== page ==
Year-round Yard Care

A landscaped yard requires constant attention to stay healthy and beautiful, and each season calls for its own set of chores. Because climates vary widely in the United States, the calendar is an unreliable guide to the seasons. Changes in temperature, soil conditions, and plant appearance are more trustworthy indicators. The last hard frost marks the beginning of spring, when bulbs begin to put out shoots and perennials unfurl new leaves and stems. Rising soil temperature is a signal for preemptive weed control. Agricultural extension agencies monitor soil temperatures and can tell you other ways they affect landscaping in your area. Many flowering shrubs bloom in mid-spring, but rosebuds announce the arrival of summer. In northern climes, cooler nighttime temperatures and falling leaves signal the start of autumn. The first few killing frosts are a prelude to winter, when most plants are dormant and require little more than protection from ice and snow.



  • ✔ Remove protective coverings from shrubs and plants. Remove old mulch or mix it into the soil and lay new mulch; start pruning shrubs, trees, and roses.
  • ✔ Rake leaves from the lawn and ground covers. Reseed bare spots in the lawn, spread fertilizer, and water it. Cut grass as low as recommended (page 50), and begin crab grass control by applying a pre-emergent weed-killer.
  • ✔ Fertilize ground covers, and cut away any stringy top growth.
  • ✔ Spray trees and shrubs with a dormant-oil spray for pest control.

  • ✔ Cut the grass to a medium height; weed both lawn and garden weekly.
  • ✔ When the soil is moist and easy to work, you can plant or transplant most trees and shrubs.
  • ✔ Edge plant beds; start a vegetable garden.

  • ✔ Prune shrubs that do not flower or that will flower in late summer or fall. Prune spring-blooming shrubs after they have lost their blossoms.
  • ✔ Check the lawn periodically to see if the soil needs more or less water.

  • ✔ Apply pesticides as needed to control fungus, insects, disease, and scale on any plants that have these afflictions. Continue spraying or dusting roses once a week until the growing season ends.
  • ✔ If you have a pool, this is a good time to plant delicate water flowers, such as water lilies and lotuses.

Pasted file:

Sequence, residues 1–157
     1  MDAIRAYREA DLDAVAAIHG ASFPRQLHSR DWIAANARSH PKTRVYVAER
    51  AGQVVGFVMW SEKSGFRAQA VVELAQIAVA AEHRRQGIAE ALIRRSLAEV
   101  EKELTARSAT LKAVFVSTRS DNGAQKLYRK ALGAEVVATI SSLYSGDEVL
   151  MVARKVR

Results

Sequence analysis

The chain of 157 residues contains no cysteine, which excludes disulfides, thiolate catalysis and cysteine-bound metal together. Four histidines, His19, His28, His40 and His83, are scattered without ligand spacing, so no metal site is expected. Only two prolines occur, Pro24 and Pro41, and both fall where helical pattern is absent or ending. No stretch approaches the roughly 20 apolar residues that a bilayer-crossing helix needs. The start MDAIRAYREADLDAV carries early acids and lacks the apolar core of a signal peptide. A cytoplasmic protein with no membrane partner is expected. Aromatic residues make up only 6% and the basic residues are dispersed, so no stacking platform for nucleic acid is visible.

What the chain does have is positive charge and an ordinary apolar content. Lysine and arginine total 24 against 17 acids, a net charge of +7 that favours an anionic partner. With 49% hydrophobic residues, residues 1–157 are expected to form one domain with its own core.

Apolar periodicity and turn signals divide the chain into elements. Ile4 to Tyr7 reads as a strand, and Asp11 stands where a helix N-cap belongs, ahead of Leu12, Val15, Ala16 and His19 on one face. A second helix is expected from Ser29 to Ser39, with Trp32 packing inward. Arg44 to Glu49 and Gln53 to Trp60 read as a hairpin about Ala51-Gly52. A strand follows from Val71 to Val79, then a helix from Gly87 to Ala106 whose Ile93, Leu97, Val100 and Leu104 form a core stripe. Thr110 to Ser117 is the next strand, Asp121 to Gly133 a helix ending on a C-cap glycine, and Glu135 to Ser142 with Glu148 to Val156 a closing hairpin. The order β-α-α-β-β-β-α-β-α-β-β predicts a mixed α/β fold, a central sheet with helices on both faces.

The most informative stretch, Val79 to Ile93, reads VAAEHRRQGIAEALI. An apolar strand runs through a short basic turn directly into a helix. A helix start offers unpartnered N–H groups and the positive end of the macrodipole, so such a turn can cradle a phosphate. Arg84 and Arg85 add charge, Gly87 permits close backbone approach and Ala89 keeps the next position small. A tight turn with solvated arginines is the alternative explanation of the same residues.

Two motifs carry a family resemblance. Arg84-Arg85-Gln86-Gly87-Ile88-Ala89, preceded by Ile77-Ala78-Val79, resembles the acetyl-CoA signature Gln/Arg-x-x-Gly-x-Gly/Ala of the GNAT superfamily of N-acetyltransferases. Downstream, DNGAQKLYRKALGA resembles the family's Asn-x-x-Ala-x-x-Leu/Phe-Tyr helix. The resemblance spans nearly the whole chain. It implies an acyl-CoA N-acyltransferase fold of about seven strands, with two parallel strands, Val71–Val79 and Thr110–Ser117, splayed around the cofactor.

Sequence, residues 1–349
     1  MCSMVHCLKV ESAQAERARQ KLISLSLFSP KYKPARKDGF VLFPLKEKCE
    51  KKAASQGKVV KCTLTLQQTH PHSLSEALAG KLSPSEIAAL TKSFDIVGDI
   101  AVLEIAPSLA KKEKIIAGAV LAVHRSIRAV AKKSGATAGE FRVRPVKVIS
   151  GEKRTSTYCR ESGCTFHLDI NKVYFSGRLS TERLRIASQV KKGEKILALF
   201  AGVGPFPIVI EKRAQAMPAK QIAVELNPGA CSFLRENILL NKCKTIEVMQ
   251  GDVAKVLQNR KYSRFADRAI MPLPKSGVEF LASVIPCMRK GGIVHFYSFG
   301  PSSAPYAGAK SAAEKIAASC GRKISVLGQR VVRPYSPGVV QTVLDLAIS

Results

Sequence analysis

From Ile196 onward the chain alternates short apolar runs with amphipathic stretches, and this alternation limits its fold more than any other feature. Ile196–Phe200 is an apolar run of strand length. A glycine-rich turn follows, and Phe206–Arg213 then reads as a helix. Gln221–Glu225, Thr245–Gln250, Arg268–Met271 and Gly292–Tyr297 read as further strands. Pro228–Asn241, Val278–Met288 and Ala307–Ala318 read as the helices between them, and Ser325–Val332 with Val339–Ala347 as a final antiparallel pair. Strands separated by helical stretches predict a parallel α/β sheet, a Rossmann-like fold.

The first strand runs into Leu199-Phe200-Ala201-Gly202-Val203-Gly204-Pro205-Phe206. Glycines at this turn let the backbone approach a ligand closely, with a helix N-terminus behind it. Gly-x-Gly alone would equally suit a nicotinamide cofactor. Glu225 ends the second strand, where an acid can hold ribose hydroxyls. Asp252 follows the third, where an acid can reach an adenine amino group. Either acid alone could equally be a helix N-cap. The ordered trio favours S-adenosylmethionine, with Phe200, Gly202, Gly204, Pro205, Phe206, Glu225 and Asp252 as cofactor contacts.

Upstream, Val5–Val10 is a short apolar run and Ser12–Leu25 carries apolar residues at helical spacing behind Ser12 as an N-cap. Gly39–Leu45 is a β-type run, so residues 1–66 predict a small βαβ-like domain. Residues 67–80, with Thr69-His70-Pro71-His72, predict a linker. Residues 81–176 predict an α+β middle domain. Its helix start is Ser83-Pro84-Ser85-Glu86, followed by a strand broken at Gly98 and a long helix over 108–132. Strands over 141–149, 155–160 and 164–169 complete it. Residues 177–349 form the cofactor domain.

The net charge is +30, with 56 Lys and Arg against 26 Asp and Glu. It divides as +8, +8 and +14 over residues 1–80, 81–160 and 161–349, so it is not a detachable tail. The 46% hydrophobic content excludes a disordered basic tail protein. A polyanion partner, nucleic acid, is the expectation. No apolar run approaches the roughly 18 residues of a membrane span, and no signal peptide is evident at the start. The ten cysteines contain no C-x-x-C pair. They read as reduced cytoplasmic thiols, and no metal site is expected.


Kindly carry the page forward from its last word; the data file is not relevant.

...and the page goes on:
• ✔ Keep all plants watered well—especially any trees and shrubs planted in the spring—to prevent sun-scorched leaves.
  • ✔ Weed flower beds and shrub beds.
  • ✔ Cut grass about 1 inch longer than its springtime length, to prevent burnout.

  • ✔ Start a new lawn or renovate an old one.
  • ✔ Examine plants for possible iron deficiency: If you see yellow leaves with dark green veins, feed the plants with an iron-rich fertilizer.

  • ✔ Aerate and dethatch the lawn; cut it shorter and at less frequent intervals.
  • ✔ Dig up and move evergreen shrubs and trees or plant new ones. Wait until the leaves fall before moving deciduous plants.
  • ✔ Plant bare-rooted roses. Water new plants regularly and mulch them lightly to deter weeds.
  • ✔ Fall is an excellent time to start a compost pile; use yard waste such as vegetable tops, dead or dying annuals, and fallen leaves.
  • ✔ Deep-feed tree roots.

  • ✔ Clear leaves from lawns and ground covers. Rake up pine needles and spread them as mulch for shrubs.
  • ✔ Give roses, trees, and hedges a final pruning.
  • ✔ Renew or replenish mulch on all shrubs. Break up any old, compacted mulch to allow air and water to reach the roots.
  • ✔ Add dead plants from the vegetable garden to the compost pile. Spread manure or compost in the garden, then turn the soil.
  • ✔ Until freezing temperatures set in, water plants well one morning a week to give them moisture to weather the winter.

  • ✔ Cover low shrubs with evergreen clippings; wrap medium-sized shrubs with burlap. Build a shelter over the plants that are near your house, to shield the branches from snow sliding off the roof.
  • ✔ Trim hollies and other broad-leaved evergreens.
  • ✔ Rake leaves from lawns and flower beds.

  • ✔ Check and repair protective coverings often and, after each snowstorm, gently shake the snow from shrub branches.
  • ✔ Take care not to shovel snow onto plants bordering walks and driveways.
  • ✔ After bad storms, cut broken shrub and tree branches. On mild days, finish pruning trees and shrubs that flowered in the late summer and fall.